What’s the best way to start testing in an organization that’s not used to having a culture of testing? —John M., ecommerce marketing manager, Orchard Brands.
5 Steps to Starting a Testing Program
Starting a testing culture within your organization is never easy, and it can take a while until it catches on. But once everyone catches wind of the success that you’re having with your testing program, it’ll take off.
To help guide you through this, I’ve put together a few key steps around implementing testing in an organization that’s never done it before. Just remember, your unique culture should always be taken into consideration when building this program out.
Step 1: Gather key stakeholders. Involve them in brainstorming and prioritization discussions. It’’s much easier to be proactive with communication if they’re involved from the get go.
Step 2: Identify internal reservations and concerns. It’ll be a lot easier to build confidence and support around your testing program when you understand the reservations and fears that key stakeholders have. Ask questions like, “Have you experienced testing previously?” and “What’s valuable for you to learn?” to understand where the fears are coming from, and what will be considered a success the future.
Step 3: Start simple. While you’re focused on gaining support and traction for the new testing program, it’s important to move quickly and to start gathering data to support your initiatives. You’re looking for quick wins. They may not be the fanciest ideas, but once you have a handful of quick wins under your belt, it’ll be easier to gain support around more resource intensive campaigns.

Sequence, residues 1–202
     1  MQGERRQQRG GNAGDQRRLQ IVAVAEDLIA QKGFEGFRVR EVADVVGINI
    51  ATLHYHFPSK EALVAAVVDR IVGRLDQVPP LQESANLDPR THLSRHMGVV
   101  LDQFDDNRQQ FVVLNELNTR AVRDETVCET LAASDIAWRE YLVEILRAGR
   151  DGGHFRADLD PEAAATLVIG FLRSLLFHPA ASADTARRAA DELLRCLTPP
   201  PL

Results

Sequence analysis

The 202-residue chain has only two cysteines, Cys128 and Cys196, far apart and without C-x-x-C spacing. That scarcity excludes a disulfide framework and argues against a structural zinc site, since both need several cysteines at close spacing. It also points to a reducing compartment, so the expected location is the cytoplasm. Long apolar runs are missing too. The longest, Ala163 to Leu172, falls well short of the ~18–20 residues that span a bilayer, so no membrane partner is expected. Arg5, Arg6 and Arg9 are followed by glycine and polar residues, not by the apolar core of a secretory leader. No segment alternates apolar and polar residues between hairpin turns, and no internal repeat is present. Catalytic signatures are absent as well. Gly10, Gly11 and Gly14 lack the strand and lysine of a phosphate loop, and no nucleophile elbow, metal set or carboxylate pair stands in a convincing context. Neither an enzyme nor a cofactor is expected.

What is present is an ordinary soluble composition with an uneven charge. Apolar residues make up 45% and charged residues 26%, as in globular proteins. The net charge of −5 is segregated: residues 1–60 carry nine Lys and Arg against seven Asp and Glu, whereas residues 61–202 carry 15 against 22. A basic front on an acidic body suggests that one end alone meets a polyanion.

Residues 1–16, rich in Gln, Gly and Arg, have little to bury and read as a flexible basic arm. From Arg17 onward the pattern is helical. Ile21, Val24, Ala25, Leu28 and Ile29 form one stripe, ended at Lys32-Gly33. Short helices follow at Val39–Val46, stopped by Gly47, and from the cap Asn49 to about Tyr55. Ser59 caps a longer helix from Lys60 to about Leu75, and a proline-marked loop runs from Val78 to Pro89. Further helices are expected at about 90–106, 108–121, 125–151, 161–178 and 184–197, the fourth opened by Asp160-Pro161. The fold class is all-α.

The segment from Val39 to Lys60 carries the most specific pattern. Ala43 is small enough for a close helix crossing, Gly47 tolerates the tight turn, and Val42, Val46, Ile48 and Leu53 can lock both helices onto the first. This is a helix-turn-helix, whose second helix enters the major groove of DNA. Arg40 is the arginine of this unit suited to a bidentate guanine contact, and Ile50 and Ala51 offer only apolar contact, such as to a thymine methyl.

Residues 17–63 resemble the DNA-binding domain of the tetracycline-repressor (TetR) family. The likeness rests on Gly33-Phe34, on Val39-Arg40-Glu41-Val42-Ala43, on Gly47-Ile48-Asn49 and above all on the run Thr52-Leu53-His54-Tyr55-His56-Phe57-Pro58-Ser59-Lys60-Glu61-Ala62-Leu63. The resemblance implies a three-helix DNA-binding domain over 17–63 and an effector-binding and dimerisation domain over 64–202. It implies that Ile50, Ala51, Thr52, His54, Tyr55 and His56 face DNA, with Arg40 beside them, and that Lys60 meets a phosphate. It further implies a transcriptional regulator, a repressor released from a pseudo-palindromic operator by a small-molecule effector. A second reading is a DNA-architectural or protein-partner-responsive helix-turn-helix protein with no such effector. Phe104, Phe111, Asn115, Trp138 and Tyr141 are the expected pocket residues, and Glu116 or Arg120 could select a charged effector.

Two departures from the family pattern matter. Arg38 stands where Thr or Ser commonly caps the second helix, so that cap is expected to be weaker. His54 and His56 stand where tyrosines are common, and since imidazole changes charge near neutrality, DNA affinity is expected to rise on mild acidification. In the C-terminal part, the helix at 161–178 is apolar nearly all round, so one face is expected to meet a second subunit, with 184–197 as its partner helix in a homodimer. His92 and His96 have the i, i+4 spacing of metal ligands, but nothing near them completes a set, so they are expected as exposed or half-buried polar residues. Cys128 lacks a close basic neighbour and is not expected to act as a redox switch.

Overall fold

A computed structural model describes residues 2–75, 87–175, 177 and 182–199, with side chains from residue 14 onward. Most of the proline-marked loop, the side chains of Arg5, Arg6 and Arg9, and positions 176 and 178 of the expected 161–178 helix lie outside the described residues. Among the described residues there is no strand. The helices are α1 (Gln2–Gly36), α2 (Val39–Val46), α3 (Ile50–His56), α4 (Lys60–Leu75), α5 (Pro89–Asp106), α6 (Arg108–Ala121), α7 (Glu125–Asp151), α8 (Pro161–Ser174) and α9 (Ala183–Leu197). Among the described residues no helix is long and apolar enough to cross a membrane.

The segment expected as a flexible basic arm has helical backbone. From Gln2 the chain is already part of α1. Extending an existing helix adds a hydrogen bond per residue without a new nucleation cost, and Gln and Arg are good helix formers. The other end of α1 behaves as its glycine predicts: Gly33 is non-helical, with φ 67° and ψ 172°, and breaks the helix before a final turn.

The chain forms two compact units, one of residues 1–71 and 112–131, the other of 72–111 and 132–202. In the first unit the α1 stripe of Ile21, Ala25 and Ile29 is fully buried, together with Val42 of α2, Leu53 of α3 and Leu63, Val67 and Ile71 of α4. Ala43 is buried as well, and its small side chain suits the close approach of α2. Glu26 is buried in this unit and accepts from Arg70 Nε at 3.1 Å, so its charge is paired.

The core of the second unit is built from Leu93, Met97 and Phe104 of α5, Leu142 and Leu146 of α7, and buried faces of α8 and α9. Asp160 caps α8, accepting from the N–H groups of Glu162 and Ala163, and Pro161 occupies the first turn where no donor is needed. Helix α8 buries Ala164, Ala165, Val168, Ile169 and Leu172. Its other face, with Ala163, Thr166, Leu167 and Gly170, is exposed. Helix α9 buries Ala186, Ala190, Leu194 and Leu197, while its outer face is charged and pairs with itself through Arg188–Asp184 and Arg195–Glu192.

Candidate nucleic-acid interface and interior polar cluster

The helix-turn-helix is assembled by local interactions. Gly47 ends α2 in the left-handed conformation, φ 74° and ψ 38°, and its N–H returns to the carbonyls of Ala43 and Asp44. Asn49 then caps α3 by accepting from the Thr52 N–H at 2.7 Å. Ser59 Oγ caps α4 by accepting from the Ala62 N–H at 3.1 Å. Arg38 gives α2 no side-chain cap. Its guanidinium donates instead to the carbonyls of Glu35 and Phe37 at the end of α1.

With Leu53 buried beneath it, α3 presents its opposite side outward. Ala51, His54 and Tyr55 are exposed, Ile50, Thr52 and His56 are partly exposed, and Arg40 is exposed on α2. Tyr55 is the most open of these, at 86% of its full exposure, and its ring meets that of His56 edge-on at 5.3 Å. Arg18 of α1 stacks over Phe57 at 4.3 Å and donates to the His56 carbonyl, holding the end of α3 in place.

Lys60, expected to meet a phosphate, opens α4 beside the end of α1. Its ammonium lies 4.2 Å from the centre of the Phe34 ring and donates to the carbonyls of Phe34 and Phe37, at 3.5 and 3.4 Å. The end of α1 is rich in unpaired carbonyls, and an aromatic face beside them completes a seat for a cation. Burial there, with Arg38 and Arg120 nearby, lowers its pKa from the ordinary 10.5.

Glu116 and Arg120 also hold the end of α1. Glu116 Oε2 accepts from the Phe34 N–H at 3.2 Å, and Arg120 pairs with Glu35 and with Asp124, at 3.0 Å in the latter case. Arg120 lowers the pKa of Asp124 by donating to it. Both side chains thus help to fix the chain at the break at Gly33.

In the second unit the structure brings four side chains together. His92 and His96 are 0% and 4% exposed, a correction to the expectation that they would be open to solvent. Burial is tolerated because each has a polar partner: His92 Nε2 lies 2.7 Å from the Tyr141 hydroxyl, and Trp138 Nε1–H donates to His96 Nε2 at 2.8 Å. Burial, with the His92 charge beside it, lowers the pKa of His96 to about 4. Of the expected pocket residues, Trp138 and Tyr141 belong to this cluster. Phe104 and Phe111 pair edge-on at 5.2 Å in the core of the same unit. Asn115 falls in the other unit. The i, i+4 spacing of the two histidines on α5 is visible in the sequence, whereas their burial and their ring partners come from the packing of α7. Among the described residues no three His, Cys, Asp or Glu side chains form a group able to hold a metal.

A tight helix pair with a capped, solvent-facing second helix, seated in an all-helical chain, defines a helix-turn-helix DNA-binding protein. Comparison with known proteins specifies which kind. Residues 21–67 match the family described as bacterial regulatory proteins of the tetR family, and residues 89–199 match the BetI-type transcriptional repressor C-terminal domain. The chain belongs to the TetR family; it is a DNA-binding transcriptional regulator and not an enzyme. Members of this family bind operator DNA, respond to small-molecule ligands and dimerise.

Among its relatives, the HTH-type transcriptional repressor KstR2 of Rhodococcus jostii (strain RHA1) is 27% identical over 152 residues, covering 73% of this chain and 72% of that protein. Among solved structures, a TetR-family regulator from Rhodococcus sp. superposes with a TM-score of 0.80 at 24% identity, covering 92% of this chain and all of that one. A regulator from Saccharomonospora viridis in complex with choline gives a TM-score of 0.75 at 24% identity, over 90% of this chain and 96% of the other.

Step 4: Share your success with others. Finding a way to communicate the success or learnings of your campaigns internally will help you gain momentum and support.
Step 5: Iterate and grow. Once you’ve gained momentum in your program, it’s important to continually improve, iterate, and grow your optimization efforts. Now that you’ve gained traction internally, continue to support long-term business goals through optimization efforts.
If you want more info on Website Optimization Governance, read this blog post by my fellow strategic services director, Will Harries.
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Ask Abby is penned by Abby Dineen, a Strategic Services Director at Monetate. When she’s not busy working with clients like DestinationXL, DrJays, Nike, Verizon Wireless, and CVS, you can find her running 12 miles to work or corralling her puppy Franklin through Monetate’s HQ.